Do you like to make deals? Bluff? Lie to your friends or even perfect strangers? Well, do I have the game for you!
Sheriff of Nottingham is a game of bluffing and deal-making for 3-5 players. Each round, one player takes the role of the sheriff, performing inspections at the gates of Nottingham. The other players play the role of merchants, bringing their goods inside the town to display in the marketplace. Goods are represented by cards, showing the legal goods of apples, bread, cheese, and chickens. Additionally, there are cards representing contraband goods, such as silk, pepper, mead, and crossbows.
All players have a little bag in which they can place cards. The merchants will pick up to five cards from their hand and place them into their bags, snapping them closed. Then, one at a time, they must look the Sheriff player in the eye, hand them their bag, and declare one legal good and the correct number of cards within their bag. Once all merchants have declared their goods to the Sheriff, the inspection phase begins, where he or she decides whether or not to trust each merchant.
If the Sheriff trusts the merchant, he or she gives back the bag, which is then opened and the merchant reveals any legal goods in the bag and puts them in their stand (whether the goods are what the merchant claimed or not), and any contraband is placed face down in their stand. If the Sheriff doesn’t believe the merchant, then he or she snaps open the bag and looks at the cards inside. If the merchant was truthful, the Sheriff pays that merchant a penalty fee. However, if anything in the bag is different than what was claimed, the merchant gets to keep anything that matches their claim but pays the Sheriff a penalty fee for the goods that were not declared. Once all bags have been dealt with, the role of the Sheriff passes to a new player and a new round begins.
So, the bluffing aspect is rather obvious, but what about the deal-making? Well, during the inspection phase, the merchants can offer the Sheriff just about anything in order to get their bag through without being opened. Alternately, the Sheriff can request whatever in return for letting the bag through. Money, goods from the merchant’s stand, or goods that may or may not be within the bag are perfectly acceptable bribes. A player can even pay the Sheriff to open another player’s bag! Once a deal has been made, it must be honored. Similarly, as soon as a bag has returned to a merchant’s hand or the snap of the bag has been opened, no deal can be made between that player and the Sheriff.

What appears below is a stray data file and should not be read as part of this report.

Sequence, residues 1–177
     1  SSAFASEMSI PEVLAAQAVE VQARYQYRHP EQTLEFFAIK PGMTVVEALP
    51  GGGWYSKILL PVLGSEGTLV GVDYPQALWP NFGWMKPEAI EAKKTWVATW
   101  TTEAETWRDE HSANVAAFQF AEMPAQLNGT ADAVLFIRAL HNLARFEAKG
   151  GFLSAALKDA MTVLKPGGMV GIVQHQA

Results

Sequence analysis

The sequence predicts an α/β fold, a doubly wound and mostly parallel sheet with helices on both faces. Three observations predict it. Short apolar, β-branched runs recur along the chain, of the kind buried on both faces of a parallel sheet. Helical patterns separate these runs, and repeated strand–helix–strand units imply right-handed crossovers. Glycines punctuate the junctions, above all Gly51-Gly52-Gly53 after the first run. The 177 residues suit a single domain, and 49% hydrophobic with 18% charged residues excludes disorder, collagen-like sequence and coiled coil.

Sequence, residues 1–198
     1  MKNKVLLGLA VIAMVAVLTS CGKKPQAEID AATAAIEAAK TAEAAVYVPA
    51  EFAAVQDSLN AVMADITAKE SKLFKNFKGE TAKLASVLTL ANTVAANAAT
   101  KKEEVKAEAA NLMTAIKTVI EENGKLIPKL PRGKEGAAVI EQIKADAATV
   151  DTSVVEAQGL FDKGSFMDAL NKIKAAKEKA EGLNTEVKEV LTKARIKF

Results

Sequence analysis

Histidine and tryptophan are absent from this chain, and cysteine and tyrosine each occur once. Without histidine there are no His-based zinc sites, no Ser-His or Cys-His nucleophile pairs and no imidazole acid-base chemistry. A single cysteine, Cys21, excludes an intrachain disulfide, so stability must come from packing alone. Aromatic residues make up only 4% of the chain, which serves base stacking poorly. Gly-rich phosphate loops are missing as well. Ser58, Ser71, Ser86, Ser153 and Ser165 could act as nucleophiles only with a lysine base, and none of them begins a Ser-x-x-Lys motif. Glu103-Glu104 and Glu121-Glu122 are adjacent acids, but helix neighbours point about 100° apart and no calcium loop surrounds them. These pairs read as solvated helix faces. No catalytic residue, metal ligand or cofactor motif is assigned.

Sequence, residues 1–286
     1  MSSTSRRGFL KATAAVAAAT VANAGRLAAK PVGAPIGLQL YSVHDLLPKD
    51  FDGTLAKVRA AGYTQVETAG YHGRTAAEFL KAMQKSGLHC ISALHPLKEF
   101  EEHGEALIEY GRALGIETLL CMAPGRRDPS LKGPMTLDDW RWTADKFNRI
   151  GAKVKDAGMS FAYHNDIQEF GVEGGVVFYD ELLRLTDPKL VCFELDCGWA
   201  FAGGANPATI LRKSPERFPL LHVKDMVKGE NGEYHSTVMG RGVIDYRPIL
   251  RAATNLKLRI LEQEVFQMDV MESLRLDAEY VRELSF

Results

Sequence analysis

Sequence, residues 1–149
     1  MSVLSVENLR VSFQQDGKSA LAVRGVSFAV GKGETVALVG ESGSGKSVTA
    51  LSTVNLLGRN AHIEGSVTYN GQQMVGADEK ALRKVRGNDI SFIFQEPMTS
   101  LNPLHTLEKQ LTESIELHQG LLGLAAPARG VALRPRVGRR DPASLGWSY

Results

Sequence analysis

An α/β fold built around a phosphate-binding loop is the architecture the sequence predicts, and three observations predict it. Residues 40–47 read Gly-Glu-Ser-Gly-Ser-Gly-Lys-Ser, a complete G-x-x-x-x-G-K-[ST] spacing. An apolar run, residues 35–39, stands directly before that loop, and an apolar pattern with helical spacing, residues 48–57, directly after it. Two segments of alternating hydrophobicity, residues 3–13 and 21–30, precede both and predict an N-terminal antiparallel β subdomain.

The game is played until each player has been the Sheriff twice (three times in a three player game). Goods are worth different values, and there are also bonuses for each legal good, granting the person with the most of any good the king bonus, and then the queen bonus goes to the player with the next highest number of that good. Add up all these values along with the player’s remaining gold for their final score, highest score wins. The scoring aspect is probably the worst part of the game, but there is a handy and official free app that assists with the scoring and also has a timer for the Sheriff inspection phase to keep the game moving along.
Everyone I have introduced Sheriff of Nottingham to has had a great time with it. Trying to read who is lying to you, hoping you can bluff the Sheriff into not opening your bag, or even bluff them into opening your bag so that you get that sweet, sweet penalty money, it’s all fun! Recently an expansion has been released that adds a sixth player and a number of other modular expansions, such as deputies, a black market, and the Merry Men. I haven’t had the chance to try it yet, so I have no idea if it’s worth the extra investment, but just being able to support a sixth player makes it very appealing.
If you ever have the chance, I highly recommend giving Sheriff of Nottingham a try.